Patients seeking women’s reproductive care in red states like Oklahoma have experienced a range of obstacles since the Supreme Court’s Dobbs decision. The rapidity of these changes has been dizzying. In a matter of weeks, women’s rights to abortion and bodily autonomy were reversed and replaced with draconian restrictions. State laws criminalize standard-of-care treatment and require doctors to delay care to women with pregnancy complications until a “medical emergency” exists or until the issue becomes “life threatening.” Some physicians refuse care that is not illegal simply because of difficulty interpreting the legal barriers. Studies already show an increase in admissions to intensive care units for pregnancy complications. Our current dismal maternal mortality rates can only increase with these restrictions on women’s health care.
Very unexpected and concerning are assumptions that laypeople make about the availability of other aspects of women’s health care. This has not gained much attention but also concerns me greatly and will require education to overcome. Soon after the Dobbs decision, a patient asked me, “Will I be required to have my IUD removed?” Other patients inquire about continued availability of contraception. I visited with my local public radio news staff, and they have multiple women sending them questions such as “Can I still go in for my annual gynecologic exam?” These are intelligent women who are listening to media reports of criminalization of care and extrapolating it to services beyond abortion. How many women will be harmed when they fail to seek care because of this confusion?
A privately insured patient in our practice was denied payment of a claim following her emergency salpingectomy for ectopic pregnancy. The note accompanying the denial stated: “Due to the recent overturn of Roe v. Wade, we do not cover this diagnosis code.” The claim had been coded correctly, and further inquiries led to the discovery that denying this code was not the insurance plan’s policy. The clerk processing the claim unilaterally chose to decline payment based on her own beliefs. It took many contacts with the insurer and patient’s employer to realize this overreach and lead to payment of the claim. How many patients and practices will not recognize this type of interference and fail to advocate for the patient?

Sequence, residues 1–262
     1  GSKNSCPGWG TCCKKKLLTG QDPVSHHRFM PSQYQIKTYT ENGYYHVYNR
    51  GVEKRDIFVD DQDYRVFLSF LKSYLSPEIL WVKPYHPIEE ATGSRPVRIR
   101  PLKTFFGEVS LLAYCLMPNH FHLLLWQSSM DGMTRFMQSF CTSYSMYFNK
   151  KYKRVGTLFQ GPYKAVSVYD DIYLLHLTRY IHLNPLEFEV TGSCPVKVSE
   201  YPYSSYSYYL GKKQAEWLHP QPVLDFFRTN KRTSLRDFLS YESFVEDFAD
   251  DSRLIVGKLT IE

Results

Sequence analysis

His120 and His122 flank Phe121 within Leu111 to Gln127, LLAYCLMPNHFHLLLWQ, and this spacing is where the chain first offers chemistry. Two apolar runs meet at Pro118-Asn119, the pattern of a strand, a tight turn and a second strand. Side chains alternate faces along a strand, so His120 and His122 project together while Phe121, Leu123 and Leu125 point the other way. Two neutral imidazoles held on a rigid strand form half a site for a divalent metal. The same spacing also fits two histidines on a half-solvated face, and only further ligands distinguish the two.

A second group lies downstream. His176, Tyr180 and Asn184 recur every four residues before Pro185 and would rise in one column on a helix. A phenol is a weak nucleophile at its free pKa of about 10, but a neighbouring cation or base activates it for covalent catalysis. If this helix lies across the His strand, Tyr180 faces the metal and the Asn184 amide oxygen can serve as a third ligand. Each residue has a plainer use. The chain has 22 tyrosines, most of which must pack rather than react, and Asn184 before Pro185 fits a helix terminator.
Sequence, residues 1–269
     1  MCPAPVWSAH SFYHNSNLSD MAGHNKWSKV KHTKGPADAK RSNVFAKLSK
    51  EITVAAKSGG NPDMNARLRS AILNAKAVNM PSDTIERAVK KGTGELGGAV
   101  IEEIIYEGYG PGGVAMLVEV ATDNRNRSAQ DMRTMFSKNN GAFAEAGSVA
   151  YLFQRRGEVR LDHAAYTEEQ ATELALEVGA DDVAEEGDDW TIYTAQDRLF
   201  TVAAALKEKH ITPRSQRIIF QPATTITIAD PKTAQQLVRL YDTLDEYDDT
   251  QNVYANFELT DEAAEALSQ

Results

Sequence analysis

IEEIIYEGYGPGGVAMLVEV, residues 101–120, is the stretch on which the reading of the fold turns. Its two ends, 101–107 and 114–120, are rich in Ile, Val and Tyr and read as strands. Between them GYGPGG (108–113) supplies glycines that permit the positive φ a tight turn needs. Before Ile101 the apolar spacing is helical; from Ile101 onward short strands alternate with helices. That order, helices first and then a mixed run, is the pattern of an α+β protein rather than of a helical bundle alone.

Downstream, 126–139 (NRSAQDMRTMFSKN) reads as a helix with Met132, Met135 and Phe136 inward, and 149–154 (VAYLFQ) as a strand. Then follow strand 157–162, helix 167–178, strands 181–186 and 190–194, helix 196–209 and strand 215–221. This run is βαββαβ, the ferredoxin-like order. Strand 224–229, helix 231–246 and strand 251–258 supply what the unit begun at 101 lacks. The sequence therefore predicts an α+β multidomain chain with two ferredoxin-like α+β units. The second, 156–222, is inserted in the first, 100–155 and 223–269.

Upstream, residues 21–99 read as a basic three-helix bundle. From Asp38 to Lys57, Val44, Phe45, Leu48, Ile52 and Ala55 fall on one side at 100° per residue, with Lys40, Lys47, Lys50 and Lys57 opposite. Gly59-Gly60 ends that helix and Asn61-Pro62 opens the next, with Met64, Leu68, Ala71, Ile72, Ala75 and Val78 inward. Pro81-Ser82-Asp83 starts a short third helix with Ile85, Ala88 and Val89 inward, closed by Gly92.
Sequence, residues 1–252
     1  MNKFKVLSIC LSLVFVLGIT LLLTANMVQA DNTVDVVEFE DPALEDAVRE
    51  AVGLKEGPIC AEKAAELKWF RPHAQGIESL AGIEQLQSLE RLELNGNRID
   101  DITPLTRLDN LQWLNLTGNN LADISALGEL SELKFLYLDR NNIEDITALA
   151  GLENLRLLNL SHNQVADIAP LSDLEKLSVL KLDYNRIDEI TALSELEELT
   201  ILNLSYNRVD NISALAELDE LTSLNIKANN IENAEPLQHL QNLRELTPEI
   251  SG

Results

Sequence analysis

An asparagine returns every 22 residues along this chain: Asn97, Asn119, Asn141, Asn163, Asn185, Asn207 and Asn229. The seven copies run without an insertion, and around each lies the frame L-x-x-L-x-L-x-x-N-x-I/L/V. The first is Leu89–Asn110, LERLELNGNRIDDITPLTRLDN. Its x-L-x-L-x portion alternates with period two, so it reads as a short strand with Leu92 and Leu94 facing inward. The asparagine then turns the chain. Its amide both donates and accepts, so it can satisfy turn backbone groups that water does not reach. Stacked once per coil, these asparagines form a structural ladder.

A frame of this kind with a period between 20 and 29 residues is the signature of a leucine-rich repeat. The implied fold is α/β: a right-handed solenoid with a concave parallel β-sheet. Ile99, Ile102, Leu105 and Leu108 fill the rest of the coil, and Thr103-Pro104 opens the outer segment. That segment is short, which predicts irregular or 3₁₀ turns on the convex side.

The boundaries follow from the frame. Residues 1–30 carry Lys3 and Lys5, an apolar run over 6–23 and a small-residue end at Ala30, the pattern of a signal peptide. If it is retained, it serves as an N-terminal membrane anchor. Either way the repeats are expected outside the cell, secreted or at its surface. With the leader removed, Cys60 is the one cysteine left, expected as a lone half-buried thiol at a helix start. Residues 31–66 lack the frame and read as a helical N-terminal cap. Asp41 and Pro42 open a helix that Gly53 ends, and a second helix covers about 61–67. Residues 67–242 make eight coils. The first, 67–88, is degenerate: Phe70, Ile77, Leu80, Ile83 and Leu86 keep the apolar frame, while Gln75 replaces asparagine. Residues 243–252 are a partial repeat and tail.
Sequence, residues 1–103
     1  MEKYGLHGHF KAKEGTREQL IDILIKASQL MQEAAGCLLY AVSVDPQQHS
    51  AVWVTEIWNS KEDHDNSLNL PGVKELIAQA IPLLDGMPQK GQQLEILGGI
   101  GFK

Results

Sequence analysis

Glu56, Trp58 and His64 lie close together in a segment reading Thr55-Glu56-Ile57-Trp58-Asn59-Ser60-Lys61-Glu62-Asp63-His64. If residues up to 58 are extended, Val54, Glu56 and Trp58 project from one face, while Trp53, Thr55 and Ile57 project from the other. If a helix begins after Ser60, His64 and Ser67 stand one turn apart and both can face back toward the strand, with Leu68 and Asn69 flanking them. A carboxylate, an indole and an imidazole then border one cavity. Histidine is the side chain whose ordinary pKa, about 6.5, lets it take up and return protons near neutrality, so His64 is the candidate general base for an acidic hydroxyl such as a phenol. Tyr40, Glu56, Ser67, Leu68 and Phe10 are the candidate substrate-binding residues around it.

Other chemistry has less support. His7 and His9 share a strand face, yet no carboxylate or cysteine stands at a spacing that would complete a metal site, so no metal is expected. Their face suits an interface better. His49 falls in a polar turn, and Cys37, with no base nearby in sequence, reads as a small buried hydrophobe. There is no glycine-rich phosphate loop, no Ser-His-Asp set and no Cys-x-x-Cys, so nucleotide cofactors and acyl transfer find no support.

The Dobbs decision denies women bodily autonomy to make decisions about abortion care, so it really should come as no surprise that health care professionals, laypeople, and legislators assume restrictions apply to other aspects of reproductive health care as well. Now that the law has defined women as lesser human beings who lack inherent rights, one can only expect further erosion of the ability to make personal decisions free of government and private policy interference.
Disclaimer: Published submissions reflect the experiences of individual ACOG members and may not represent official organizational opinions of ACOG. This information is designed as an educational resource to aid clinicians in providing obstetric and gynecologic care, and use of this information is voluntary. It does not constitute legal advice; clinicians should be familiar with and comply with federal, state, and local restrictions on abortion, including medication abortion, and are encouraged to consult with a lawyer when navigating local abortion laws and regulations. This information should not be considered as inclusive of all proper treatments or methods of care or as a statement of the standard of care. It is not intended to substitute for the independent professional judgment of a treating clinician.
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